- About Us
- Local Savings
- Green Editions
- Legal Notices
- Weekly Ads
Connect with Us
"Critical Areas" on city agenda
By Kevin Hanson
The verbiage might be the same, but the approach will be different.
That's the message coming from Enumclaw city officials as both staff and their hired experts begin the task of re-writing the city's Critical Areas Ordinance.
Their admitted fear is local residents will hear those three simple words and either panic, get defensive or become outright agitated.
The local concern is based on the fact that King County recently adopted a Critical Areas Ordinance of its own. The county, for more than a year, had been actively addressing the CAO, raising the hackles of rural residents along the way. Rural property owners took turns blasting away at county officials, claiming the proposed CAO whittled away at their ability to use their property.
The final version, passed in late October, did little to ease their concerns.
Les Johnson, as director of the city's Department of Community Development, is spearheading Enumclaw's CAO effort. His message is simple, but to the point: "We're not under any obligation to follow what King County did," he said, adding that Enumclaw's effort is confined to property within the city limits. The city's Urban Growth Area extends beyond Enumclaw's borders, but the county controls everything in the unincorporated region.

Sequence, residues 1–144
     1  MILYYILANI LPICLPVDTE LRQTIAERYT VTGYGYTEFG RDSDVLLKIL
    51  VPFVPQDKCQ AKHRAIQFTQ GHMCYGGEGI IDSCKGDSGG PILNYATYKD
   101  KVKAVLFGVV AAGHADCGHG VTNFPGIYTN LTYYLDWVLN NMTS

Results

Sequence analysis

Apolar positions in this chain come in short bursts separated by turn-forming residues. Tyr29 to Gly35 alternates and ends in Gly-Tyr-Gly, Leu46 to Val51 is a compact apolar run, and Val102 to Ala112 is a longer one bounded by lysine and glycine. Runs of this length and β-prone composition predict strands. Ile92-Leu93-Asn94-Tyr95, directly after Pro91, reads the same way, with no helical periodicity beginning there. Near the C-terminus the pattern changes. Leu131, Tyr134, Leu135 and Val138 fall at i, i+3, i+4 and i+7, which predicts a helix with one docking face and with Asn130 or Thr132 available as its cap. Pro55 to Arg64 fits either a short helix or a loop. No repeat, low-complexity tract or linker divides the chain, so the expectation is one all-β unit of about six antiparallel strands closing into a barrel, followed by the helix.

As part of that effort involve the public and, Johnson hopes, ease some concerns, the city will host a workshop from 6 to 8:30 p.m. Tuesday at the public library. All are welcome to drop in, and visitors need not stay the entire time.
The workshop will address the five elements that make up "critical areas," Johnson said. Those are wetlands, fish and wildlife conservation areas, frequently flooded areas, aquifer recharge areas and geologic hazard areas.
During the Tuesday session, Johnson hopes to address state requirements and discuss "how the city can focus on future development." Passage of a Critical Areas Ordinance, he said, should not be a detriment to growth.
The city has been getting assistance in its CAO planning from a hand-picked group that represents diverse interests. The five members of the CAO advisory committee are private property owner Brad Semke; businessman Mike Runland; Garrett Huffman of the regional Master Builders Association; Charlie Liebentritt, a resident of Enumclaw's Urban Growth Area; and Marilyn Tuohy, a Plateau resident with an eye on the area's environmental interests.
Johnson anticipates the city will complete its draft Critical Areas Ordinance by the end of January, then ship the document to the state's Department of Community Trade and Economic Development. That group passes the CAO through other state agencies for approval. Johnson hopes the entire process can be wrapped up by late March.
Kevin Hanson can be reached at email@example.com.